Maven and Perry, Childrens Books for All Ages
When I first though about writing children’s books, I didn’t intend to actually start with picture book. I had just read Neil Gaiman’s The Sleeper and the Spindle and, while all illustrations were beautiful, one in particular caught my imagination to write a young adult’s novel series. Really, had two scenes in mind, once inspired by the above mentioned story and one which had to do with the selfishness of wars. But bear with me, we’ll get to children’s stories.
If you haven’t read The Sleeper and The Spindle, I recommend you do. It is a very progressive story, I do warn you, because, while that’s perfectly fine for me (and should be for everyone, really, but that’s another story), not everybody feels the same.
In any case, Neil Gaiman imagines what happens after one very famous fairy tale princess’ happily ever after and, overlapping it with another very famous fairy tale princess, re-imagines the latter’s story. I don’t want to say anything else, as it is a book full or twists and turns and all of them unexpected, so I’ll leave you all to discover that.
But, nonetheless, there is this one illustration, as I said, of one of said princesses in full armour, riding to danger on her horse.
And that’s where Maven was born. What would happen if a princess wanted to be a knight?
As you can see, in my original idea, Maven was already grown up.
But I only had that one scene where Maven (though she didn’t have a name yet) was packing her things to go and do exactly that, under the slightly disapproving sight of her mother.
It also occurred to me, where would a girl, in the middle ages, go to try her luck at being a knight, seeing as equal right back left much to desire?
And of course, the answer was simple. The Court of King Arthur, the man being an equal opportunity employer and all. Well, I’m sure his magnanimity didn’t extend to gender equality. The man was progressive but he wasn’t mad. Still, that’s what the muses invented Literary License for.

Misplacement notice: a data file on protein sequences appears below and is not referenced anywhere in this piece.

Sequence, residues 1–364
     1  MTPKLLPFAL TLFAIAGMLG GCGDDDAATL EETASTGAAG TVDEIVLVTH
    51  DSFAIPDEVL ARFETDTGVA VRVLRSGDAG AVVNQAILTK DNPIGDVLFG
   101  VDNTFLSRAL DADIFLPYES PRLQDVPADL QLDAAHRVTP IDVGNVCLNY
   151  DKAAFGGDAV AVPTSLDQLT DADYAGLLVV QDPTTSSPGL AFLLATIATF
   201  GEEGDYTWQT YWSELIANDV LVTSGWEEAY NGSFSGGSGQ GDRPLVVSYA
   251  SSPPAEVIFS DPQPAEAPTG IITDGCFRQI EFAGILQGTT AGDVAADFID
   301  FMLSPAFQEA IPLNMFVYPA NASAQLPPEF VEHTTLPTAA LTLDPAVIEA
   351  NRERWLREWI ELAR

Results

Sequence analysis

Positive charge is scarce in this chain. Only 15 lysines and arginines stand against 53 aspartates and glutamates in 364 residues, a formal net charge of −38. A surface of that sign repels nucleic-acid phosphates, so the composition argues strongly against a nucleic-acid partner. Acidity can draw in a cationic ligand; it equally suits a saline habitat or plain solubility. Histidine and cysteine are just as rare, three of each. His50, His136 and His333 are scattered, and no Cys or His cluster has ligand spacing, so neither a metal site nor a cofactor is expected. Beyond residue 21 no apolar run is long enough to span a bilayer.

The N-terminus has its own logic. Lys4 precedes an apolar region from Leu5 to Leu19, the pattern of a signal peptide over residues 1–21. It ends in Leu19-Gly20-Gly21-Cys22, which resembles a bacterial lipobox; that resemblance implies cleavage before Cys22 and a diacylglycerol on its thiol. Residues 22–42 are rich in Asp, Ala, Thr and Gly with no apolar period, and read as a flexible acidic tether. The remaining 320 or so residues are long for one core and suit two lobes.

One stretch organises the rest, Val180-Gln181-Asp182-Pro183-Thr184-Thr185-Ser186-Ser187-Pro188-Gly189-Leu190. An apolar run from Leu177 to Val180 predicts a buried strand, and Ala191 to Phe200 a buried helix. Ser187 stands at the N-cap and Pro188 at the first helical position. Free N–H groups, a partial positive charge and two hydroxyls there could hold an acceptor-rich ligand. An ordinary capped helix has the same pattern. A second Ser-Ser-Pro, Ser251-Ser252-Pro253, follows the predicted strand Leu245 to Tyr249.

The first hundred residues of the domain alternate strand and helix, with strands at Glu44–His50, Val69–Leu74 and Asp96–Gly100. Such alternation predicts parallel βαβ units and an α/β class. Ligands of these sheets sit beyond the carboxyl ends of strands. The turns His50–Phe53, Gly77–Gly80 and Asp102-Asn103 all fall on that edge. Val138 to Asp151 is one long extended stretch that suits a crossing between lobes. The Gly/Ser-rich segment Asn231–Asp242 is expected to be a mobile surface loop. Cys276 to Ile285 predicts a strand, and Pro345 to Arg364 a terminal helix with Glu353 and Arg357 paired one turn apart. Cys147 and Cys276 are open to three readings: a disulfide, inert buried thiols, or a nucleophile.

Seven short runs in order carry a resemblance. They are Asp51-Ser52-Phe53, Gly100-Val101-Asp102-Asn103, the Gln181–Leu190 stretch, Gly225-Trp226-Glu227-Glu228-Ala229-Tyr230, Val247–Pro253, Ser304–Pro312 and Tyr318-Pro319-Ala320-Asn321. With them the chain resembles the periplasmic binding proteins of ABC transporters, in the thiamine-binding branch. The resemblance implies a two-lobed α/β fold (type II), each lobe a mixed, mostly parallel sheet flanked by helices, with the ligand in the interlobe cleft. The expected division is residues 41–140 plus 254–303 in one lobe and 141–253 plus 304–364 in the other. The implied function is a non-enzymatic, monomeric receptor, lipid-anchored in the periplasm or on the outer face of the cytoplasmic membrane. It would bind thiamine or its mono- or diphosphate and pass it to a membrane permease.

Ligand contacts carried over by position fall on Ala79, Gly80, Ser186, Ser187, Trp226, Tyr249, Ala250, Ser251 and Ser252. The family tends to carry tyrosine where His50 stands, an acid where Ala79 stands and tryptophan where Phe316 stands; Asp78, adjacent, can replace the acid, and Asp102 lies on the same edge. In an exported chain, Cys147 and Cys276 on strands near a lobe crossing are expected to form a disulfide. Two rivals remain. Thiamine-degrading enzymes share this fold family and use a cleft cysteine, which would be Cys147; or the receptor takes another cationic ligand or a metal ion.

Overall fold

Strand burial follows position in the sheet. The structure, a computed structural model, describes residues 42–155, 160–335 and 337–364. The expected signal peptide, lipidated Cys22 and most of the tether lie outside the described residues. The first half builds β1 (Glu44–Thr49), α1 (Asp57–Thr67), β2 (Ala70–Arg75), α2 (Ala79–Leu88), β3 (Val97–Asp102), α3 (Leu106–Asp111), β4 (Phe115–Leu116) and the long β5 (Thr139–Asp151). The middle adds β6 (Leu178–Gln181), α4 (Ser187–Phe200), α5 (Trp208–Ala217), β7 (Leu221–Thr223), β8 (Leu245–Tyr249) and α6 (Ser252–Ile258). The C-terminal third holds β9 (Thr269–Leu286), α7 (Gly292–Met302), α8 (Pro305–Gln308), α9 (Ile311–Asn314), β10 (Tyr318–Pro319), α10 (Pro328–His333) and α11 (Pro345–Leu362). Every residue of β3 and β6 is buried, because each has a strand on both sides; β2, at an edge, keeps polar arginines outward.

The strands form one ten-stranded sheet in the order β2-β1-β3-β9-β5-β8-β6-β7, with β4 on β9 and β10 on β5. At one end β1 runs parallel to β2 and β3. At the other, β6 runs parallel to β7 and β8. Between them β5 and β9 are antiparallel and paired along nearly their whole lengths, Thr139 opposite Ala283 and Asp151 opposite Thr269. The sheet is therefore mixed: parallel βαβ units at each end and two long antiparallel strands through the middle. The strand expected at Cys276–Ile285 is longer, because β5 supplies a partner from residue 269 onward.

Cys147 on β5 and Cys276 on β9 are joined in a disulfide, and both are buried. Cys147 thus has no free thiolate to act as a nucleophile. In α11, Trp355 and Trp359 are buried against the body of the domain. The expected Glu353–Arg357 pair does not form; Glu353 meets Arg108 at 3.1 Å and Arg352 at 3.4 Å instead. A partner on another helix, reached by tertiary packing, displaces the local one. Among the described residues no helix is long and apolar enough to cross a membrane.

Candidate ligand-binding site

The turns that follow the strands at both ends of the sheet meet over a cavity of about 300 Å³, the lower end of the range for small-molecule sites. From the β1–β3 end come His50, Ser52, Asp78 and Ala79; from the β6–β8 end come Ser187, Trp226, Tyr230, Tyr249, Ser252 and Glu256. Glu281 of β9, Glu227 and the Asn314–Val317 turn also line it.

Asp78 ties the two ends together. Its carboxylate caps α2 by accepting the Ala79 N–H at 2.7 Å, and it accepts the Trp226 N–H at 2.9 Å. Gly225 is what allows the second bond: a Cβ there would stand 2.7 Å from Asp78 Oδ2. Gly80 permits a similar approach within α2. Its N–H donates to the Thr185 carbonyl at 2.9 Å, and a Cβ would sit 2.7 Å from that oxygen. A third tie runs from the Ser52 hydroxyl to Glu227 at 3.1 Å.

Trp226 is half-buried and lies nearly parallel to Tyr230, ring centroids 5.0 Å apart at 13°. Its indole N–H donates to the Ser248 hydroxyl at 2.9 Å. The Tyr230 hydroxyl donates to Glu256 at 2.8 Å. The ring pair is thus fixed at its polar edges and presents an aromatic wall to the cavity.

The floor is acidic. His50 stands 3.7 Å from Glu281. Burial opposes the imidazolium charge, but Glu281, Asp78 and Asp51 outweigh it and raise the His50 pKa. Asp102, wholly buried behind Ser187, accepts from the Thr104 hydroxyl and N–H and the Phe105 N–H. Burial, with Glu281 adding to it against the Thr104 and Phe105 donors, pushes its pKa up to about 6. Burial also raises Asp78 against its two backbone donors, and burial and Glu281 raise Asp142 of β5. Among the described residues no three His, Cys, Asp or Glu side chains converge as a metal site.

It was much, much later, that I thought about all that was to come before. Specifically, when I had the original idea for The Blue Giant. My first ideas to illustrate my story were actually far removed from what the picture books actually came to be. First of all, I didn’t know that I would be doing it at all.
But once I talked to my illustrator (who I casually call mum), it all took shape in my head. Why stop at one picture book? Why not have a series of picture books?
And then it all took shape to form a whole series. And this is what it will look like:
- Phase I: Picture books for ages 3 to 8 years-old. There is no story arc in the picture books so there is no reason I’ll ever stop making them as long as I have ideas of for them, but there will be at least three.
- Phase II: First chapter books for ages 5 to 8 years-old. These will have chapters, be longer, and have still quite a few illustrations. I know it overlaps, but I think it covers, this way, all reading abilities that way. Books of both phases I and II can be read by the most advanced readers and still enjoyed by the not so advanced. It should be three books but I think there might be four, I am not sure yet. The story arc will deal with how Maven and Perry decide they want to be knights.
- Phase III: Young fiction for ages 8 to 12 years old. This ones will be longer still and have the odd illustrations. There should be three parts of this phase too. Maven and Perry get themselves in a number of adventures which should lead them to having a real shot at making their dreams come true.
- Finally, Phase IV: Young Adult, 12 years old onward. These will really be normal length novels with no illustrations. Finally, the young adult novels will deal with whether or not Maven and Perry make it.
I am spending a lot of time planning these stories so that when I start writing them I can do so quite quickly, but I would like to have all phase II done next year, as well as another (and maybe the last) phase I book.
Plus other writing I do on the side… 2020 is going to be busy, but it will be worth it!